In my early days as a short-story writer, Tagore was ‘God’ to me. The Tagore I had met through the translations of Puthezhathu Rama Menon and Kalyani Amma. And later, Bengali novelists like Bankim Chandra and others — and as I had close interactions with the Sriramakrishna Ashram since childhood, the influence of Sriramakrishna Paramahamsa and Swami Vivekananda helped to shape my ideas. My imagination gropes, to this say, in the shade of these mighty shadows (no, of illuminations).
If you ask me which of my stories I like the best — which of my offspring I like the best — I cannot give you a reply. Since I do not read again what I have finished writing, I can only say — all that you like are liked by me too.
An experience that may sprout in the mind as a story-seed is not always easily recognized. After much time– some days — maybe even some years — later, it rises to the memory. From the unconscious to the conscious mind. And you write it. The heat and mobility of reality might have waned by then. But the rawness of the incidents that inspired it would have given way to a more mature and new state. One does not submit to the story-seed. One makes it submit. But that may not be achieved, always. No one writes a good short story making notes for it from beginning to end. The end, too, is shaped as one writes. I have seen stories planned as tragedies turn into tales with happy endings, and vice-versa. Endings that arise as the characters’ experiences develop along with them are the right ones.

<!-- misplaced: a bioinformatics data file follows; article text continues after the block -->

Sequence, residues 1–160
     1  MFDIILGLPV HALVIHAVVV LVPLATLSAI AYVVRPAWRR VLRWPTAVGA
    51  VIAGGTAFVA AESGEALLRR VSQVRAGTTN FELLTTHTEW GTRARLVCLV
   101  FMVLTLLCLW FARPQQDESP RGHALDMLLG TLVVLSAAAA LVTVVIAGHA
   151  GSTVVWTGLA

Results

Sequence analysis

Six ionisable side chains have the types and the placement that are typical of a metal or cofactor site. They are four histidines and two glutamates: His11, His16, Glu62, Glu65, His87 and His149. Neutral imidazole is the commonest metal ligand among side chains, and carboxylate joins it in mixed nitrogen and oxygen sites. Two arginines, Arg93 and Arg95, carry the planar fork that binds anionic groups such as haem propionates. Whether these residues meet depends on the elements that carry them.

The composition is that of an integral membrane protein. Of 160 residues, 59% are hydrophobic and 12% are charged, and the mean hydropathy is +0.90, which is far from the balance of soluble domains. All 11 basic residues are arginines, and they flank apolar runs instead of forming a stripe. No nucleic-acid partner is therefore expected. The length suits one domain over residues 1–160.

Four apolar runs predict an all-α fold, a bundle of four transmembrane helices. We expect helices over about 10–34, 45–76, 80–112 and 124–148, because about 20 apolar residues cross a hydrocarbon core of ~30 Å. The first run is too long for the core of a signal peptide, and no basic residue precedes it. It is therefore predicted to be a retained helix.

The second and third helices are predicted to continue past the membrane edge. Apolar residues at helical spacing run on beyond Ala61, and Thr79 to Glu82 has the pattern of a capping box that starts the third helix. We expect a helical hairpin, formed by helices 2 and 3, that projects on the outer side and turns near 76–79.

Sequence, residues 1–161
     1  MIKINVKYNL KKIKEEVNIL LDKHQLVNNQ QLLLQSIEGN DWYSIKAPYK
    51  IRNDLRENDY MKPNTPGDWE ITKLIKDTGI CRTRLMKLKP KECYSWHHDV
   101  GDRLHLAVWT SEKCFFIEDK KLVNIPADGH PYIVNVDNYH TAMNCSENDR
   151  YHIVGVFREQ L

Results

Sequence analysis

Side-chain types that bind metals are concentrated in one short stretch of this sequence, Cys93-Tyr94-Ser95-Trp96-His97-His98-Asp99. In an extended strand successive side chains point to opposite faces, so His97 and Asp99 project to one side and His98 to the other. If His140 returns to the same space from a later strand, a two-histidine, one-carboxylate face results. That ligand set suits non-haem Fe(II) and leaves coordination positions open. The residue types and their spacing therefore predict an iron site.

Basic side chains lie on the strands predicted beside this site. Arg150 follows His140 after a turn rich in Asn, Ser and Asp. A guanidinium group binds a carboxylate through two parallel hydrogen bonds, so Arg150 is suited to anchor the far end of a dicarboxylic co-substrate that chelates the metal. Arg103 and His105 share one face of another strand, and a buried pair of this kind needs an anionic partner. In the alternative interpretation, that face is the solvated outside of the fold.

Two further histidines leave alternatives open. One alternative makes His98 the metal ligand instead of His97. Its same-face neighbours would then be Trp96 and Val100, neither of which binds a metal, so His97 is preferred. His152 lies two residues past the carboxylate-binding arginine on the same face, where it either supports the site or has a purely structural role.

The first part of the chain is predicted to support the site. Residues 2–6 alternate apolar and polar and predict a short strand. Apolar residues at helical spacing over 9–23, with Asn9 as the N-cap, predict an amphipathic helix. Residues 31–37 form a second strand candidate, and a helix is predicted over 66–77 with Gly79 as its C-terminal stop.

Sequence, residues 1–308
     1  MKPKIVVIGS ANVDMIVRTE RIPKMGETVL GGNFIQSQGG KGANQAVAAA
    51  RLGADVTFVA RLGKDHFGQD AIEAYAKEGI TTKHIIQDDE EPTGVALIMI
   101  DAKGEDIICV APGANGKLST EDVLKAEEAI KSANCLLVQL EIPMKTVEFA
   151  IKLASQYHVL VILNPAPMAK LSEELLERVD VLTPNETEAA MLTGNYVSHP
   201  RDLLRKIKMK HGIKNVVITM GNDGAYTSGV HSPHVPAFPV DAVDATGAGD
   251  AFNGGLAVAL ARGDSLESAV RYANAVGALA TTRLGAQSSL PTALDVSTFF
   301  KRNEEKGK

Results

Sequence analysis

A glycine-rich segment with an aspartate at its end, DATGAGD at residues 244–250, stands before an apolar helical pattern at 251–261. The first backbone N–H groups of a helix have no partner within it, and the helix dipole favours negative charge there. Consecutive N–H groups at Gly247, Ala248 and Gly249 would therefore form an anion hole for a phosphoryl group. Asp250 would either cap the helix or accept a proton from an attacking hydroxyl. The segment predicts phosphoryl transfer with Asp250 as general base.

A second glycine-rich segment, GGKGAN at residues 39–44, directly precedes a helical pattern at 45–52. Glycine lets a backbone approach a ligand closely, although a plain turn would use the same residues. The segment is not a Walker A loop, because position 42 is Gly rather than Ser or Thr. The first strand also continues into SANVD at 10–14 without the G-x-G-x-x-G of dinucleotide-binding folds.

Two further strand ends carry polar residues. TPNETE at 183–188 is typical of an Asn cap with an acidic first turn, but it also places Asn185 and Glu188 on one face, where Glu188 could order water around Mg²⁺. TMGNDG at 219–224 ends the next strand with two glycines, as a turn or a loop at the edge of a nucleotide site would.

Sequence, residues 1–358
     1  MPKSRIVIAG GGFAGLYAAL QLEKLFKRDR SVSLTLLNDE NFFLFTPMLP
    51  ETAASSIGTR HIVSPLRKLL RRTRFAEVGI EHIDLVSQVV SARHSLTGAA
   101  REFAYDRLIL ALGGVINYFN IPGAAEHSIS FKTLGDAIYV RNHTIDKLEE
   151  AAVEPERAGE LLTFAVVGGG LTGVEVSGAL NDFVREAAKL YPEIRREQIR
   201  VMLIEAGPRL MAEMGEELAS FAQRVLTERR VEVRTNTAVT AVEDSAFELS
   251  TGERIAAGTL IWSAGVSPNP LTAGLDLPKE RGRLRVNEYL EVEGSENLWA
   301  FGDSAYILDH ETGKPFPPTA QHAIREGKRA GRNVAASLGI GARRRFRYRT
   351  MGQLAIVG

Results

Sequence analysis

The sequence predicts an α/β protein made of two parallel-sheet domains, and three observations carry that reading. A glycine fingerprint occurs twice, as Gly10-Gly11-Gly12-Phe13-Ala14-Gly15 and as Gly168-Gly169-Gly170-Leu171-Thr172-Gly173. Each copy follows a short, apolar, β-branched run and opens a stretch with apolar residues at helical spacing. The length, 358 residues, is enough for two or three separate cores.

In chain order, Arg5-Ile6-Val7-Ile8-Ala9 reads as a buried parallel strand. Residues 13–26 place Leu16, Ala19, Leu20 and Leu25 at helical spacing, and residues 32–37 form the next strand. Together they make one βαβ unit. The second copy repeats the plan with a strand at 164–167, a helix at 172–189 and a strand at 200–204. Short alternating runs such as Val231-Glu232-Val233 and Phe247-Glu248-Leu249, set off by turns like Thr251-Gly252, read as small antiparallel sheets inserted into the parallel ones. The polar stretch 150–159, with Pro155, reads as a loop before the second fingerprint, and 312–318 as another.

‘Inspiration’ (sic.) is truly the awakening of creative impulses. Behind great works of storytelling, there is likely to be great creative impulse. The irrepressible urge to give rise to molten, bubbling, ideas. There are those who claim that there is no such thing as the inspiration (sic.) and that it is possible to write without it. But if one starts writing, it will awaken — unless one is writing to get rid of a nuisance. I will not describe the sweet unease that lasts from the emergence of the seed of a tale till the birth of a well-shaped story from it. Because if such a sweet unease does exist, it cannot be described.